PRRC: Pasig River has lowest level of fecal coliform among 11 river outfalls

Published September 23, 2019, 9:29 PM

by Ellalyn De Vera & Richa Noriega

By Ellalyn De Vera-Ruiz

Pasig River has the lowest level of fecal coliform among the 11 river outfalls directly draining to the Manila Bay, the Pasig River Rehabilitation Commission (PRRC) said, citing a Department of Environment and Natural Resources (DENR) report conducted earlier this year.

A ferry passes along the Escolta side of the Pasig River. (Tony Pionilla / MANILA BULLETIN FILE PHOTO)
A ferry passes along the Escolta side of the Pasig River.

President Duterte has said that reviving Pasig River is already “impossible,” but PRRC maintained its stance that the historic river can still be rehabilitated as shown in the latest laboratory test results.

Citing the January 2019 DENR report, PRRC noted that Pasig River had a fecal coliform count of 452,000 most probable number per 100 milliliters (MPN/100 ml). The sample was particularly taken from the Jones Bridge, which is near the river’s mouth into the Manila Bay.

The Commission said it is the lowest record among the 11 waterways, which are considered the most crucial to the rehabilitation of the Pasig River.

Based on the data, only the Pasig River registered below the million mark, as the fecal coliform count in other waterways numbered at millions to even billions, with the highest recorded at Balut Station in Tondo, Manila with 1.99 billion MPN/100 ml during the same observation period.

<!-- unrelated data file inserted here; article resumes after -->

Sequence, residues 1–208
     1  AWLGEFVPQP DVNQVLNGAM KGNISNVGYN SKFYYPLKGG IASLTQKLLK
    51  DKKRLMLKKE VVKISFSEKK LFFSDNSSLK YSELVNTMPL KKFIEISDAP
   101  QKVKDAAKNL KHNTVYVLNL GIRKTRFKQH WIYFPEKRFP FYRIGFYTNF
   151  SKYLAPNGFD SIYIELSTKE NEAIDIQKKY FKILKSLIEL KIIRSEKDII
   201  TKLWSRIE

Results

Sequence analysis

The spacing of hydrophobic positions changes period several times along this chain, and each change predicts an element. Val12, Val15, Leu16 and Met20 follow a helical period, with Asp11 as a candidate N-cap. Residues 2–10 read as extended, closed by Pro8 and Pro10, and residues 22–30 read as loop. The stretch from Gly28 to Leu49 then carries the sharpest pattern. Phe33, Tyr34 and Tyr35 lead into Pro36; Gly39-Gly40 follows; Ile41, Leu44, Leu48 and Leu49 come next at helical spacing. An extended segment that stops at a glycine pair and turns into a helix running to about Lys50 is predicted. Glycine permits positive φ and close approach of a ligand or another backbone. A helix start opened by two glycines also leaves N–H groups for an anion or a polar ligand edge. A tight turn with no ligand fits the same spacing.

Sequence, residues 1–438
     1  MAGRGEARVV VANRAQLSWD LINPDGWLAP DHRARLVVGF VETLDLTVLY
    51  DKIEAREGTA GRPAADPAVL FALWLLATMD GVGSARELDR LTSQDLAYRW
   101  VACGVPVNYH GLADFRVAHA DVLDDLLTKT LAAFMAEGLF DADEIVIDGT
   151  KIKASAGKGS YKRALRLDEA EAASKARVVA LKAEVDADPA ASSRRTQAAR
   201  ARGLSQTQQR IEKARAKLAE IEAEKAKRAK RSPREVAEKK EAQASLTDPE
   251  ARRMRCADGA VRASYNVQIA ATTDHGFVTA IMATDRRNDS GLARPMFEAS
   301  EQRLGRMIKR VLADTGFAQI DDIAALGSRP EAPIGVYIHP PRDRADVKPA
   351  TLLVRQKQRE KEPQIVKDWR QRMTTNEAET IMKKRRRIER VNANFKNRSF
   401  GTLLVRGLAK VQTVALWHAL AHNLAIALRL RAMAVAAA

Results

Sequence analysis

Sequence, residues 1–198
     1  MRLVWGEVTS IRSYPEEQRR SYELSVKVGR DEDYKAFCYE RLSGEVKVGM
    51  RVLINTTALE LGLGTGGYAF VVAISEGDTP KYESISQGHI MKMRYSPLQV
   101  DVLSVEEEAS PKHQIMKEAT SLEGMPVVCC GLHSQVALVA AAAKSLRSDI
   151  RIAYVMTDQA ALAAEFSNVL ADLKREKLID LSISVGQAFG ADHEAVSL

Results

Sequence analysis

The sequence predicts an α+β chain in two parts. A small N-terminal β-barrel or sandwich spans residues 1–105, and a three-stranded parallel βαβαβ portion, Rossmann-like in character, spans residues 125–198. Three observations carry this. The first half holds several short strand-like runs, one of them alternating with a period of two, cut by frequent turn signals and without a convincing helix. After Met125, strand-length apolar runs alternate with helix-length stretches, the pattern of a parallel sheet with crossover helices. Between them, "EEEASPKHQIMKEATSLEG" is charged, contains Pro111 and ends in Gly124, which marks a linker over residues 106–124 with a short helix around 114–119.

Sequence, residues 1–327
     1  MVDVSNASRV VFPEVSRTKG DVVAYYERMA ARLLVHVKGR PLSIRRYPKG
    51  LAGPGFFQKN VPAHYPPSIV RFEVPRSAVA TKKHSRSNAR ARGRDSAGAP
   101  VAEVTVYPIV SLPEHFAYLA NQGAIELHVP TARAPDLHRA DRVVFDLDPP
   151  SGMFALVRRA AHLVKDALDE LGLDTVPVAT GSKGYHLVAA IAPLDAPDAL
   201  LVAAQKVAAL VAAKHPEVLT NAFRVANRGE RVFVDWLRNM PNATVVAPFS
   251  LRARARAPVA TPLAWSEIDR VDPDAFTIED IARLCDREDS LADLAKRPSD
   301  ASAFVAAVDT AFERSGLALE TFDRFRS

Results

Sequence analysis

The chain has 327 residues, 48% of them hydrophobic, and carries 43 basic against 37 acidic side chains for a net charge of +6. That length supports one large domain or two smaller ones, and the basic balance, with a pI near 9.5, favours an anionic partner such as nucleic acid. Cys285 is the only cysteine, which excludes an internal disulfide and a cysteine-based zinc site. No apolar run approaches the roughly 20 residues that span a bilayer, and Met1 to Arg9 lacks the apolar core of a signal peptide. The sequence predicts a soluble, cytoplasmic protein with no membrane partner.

The acceptable level of fecal coliform for Class SB or recreational water is only 100 MPN/100 ml and for Class C or fishery water is just 200 MPN/100 ml.

Fecal coliform comes from human and animal waste. The presence of high levels of fecal coliforms in waterways poses potential health risks in humans and animals when exposed to disease-causing strains and organisms resulting to diarrhea, severe food poisoning, and other illnesses outside of the intestinal tract.

Meanwhile, based on the January 2019 Pasig River Unified Monitoring Stations (PRUMS) water quality monitoring report of the PRRC conducted with DENR and the Laguna Lake Development Authority (LLDA), fecal coliform count at the Jones Bridge was 260,000 MPN/100 ml.

By September 2019, the PRUMS report showed that fecal coliform count in the same area was down to 79,000 MPN/100 ml.

PRRC attributed the lower count to the daily cleanup and rehabilitation efforts of the agency and its public and private sector partners.

It said it has been working with water concessionaires, such as Maynilad in the installation of interceptor canals in different waterways in Manila, which will prevent direct untreated wastewater discharge of households and establishments to the waterways.